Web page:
On appeal from the Superior Court, Appellate Division.
For reversal -- Chief Justice Weintraub and Justices Jacobs, Francis, Proctor, Hall, Schettino and Haneman. For affirmance -- None.
In this wrongful death action, the widow of Pedro Fernandez, as administratrix ad prosequendum, alleges that his suicidal death was due to the malpractice of the defendant psychiatrists. A jury verdict in plaintiff's favor was reversed by the Appellate Division and the case was remanded for a new trial. 96 N.J. Super. 125 (1967). We granted cross-petitions for certification. 50 N.J. 403 (1967).
The facts are set forth in detail in the Appellate Division's opinion. Pedro Fernandez was taken to the Elizabeth General Hospital by the police after he was arrested for making an unprovoked attack upon a friend and attacking and biting two bystanders who attempted to help subdue him. At the hospital he came under the care of defendant doctors who found him to be mentally ill and in need of extensive treatment at a mental institution. They concluded that he possessed "violent and homicidal tendencies." Though the version given by the widow and her brother differs from that given by the defendants, it is clear that the widow was made aware of the defendants' belief that her husband's condition required his commitment to a mental hospital and that she declined to sign commitment papers. Because the Elizabeth General Hospital did not have the staff and facilities to administer the lengthy treatment necessary for Mr. Fernandez,
after about 18 days at the hospital he was returned to the custody of the police who had requested his detention. At this time he was calm and rational, displaying no symptoms of violence. Four days later, while confined in the Union County Jail, Mr. Fernandez hanged himself with his elastic socks.
Plaintiff's case was based on three theories of malpractice liability: (1) that the defendant doctors should have taken steps to make certain that Mr. Fernandez was transferred directly to a mental institution; (2) that the defendant doctors should not have placed him in the custody of the police; and (3) that the defendant doctors should have informed the police that the deceased, although then calm, was suffering from a dangerous mental condition with homicidal-suicidal tendencies, and should have advised the police of the need to continue the administration of a tranquilizing drug, Thorazine, and should have told them of the effects of its discontinuance. The Appellate Division held that the first two theories were insufficient to support plaintiff's verdict and remanded the case for a new trial on the third theory.
We agree with the Appellate Division's disposition of the first two theories for the reasons set forth in its opinion. However, we conclude that the third theory of liability is also insufficient and that the trial court therefore erred in failing to grant defendants' motion for a judgment of dismissal.
The basic question is whether the defendant doctors, in the application of accepted medical practice, knew or should have known that Fernandez presented a suicide risk requiring special precautions. There is no contention that the defendants' diagnostic methods were improper. Rather, it is urged that on the information and diagnosis before them (particularly Fernandez's homicidal tendencies) the doctors should have realized the danger of suicide. The medical expert offered by the plaintiff testified that "one cannot differentiate strictly and say that one case is suicidal and another is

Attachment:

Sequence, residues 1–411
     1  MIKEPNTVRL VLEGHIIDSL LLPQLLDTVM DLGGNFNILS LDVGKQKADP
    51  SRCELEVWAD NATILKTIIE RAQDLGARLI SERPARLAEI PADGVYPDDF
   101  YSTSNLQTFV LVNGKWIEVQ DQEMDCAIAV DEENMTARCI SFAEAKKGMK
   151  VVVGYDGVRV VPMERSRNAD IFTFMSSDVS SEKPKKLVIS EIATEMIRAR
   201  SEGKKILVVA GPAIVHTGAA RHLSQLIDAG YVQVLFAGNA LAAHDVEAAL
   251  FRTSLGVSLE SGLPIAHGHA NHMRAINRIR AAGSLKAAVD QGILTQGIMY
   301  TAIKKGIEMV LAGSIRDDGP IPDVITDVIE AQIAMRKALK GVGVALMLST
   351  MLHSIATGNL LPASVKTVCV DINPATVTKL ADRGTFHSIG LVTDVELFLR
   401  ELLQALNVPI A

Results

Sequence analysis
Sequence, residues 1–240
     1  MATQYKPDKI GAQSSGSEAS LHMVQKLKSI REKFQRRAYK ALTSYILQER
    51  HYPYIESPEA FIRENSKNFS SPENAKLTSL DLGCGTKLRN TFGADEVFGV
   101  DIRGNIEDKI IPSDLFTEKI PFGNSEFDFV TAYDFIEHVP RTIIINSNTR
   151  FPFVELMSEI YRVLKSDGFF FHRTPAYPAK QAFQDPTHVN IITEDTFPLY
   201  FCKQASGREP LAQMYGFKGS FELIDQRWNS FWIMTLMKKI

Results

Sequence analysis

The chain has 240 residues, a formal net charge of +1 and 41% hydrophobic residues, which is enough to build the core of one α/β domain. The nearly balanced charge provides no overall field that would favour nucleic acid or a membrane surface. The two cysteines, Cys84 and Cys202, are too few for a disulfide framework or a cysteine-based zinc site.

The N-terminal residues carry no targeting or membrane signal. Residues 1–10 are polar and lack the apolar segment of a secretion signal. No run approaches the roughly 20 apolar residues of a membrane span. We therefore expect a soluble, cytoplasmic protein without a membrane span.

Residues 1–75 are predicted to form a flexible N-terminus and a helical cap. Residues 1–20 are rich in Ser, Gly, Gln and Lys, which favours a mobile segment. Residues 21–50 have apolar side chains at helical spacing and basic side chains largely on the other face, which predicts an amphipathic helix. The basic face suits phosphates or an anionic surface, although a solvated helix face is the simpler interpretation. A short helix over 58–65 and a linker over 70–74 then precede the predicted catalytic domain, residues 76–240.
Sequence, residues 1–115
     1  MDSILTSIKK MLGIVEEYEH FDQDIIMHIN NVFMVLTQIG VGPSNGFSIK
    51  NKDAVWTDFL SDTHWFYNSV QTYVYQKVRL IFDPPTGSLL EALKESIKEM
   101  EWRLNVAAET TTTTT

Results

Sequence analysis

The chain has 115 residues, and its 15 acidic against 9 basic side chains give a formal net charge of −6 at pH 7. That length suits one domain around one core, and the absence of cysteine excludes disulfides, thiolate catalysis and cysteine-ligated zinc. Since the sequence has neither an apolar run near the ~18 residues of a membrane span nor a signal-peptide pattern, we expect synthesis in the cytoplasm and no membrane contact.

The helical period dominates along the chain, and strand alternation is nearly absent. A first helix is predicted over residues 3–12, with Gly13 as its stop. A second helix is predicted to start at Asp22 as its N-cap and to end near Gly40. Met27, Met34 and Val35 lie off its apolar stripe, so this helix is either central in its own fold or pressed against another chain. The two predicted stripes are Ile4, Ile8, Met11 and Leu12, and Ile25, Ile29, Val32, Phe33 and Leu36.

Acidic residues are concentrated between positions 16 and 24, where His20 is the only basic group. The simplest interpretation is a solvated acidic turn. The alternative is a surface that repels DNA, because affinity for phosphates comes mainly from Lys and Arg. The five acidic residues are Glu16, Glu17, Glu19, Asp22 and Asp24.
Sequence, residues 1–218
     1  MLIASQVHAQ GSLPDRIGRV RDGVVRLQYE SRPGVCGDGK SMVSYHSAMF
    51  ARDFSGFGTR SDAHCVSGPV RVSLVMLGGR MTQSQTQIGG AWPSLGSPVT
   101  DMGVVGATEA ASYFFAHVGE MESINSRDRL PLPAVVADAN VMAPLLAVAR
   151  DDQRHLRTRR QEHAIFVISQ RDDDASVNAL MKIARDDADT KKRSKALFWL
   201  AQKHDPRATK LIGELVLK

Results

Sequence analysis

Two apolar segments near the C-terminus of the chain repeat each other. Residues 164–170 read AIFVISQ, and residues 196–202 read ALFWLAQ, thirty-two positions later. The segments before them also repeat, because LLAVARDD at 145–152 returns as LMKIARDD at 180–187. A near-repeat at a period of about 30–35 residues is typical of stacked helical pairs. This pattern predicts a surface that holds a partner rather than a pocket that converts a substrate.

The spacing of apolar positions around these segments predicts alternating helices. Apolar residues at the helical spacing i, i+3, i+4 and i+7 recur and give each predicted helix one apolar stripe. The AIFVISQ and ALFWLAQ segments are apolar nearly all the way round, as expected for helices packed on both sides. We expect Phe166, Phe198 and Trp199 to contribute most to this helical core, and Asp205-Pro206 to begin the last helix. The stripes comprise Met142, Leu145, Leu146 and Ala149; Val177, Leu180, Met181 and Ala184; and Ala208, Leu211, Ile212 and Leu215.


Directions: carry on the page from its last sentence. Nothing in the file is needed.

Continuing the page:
homicidal." He stated it to be his opinion that a patient who exhibited homicidal tendencies also possesses a drive to destroy himself and that if his hostility toward others is frustrated, that hostility would be internalized against himself: "The common denominator is the hostility that exists." Defendants' expert witnesses disagreed with this conclusion. They stated that, under accepted medical practice, a suicide potential does not necessarily accompany homicidal tendencies, and that in fact the two symptoms are antithetical: most homicidal patients would not be suicidal. The Appellate Division found that this conflict in the opinions of the experts was properly to be resolved by a jury.
We think that the testimony of the plaintiff's expert fell short of establishing a medical standard pertaining to the relationship of homicidal and suicidal tendencies and thus the issue should not be considered by a jury. The plaintiff's medical expert did not purport to express accepted medical standards. He prefaced his testimony on the interreaction between homicidal and suicidal drives by the statement, "it is my opinion," and did not say that his view represented the view generally accepted in the profession. Of course, much more than the personal opinion of a medical witness is necessary to establish a standard of accepted medical practice. The expert testimony must relate to generally accepted medical standards, not merely to standards personal to the witness. See Carbone v. Warburton, 11 N.J. 418, 425 (1953). See also, Schueler v. Strelinger, 43 N.J. 330, 346 (1964). Here, the plaintiff failed to produce evidence upon which the jury could find that the consensus of medical opinion required that the defendant doctors envision a suicide potential solely because a mentally ill patient had exhibited violent tendencies toward others. There was no ...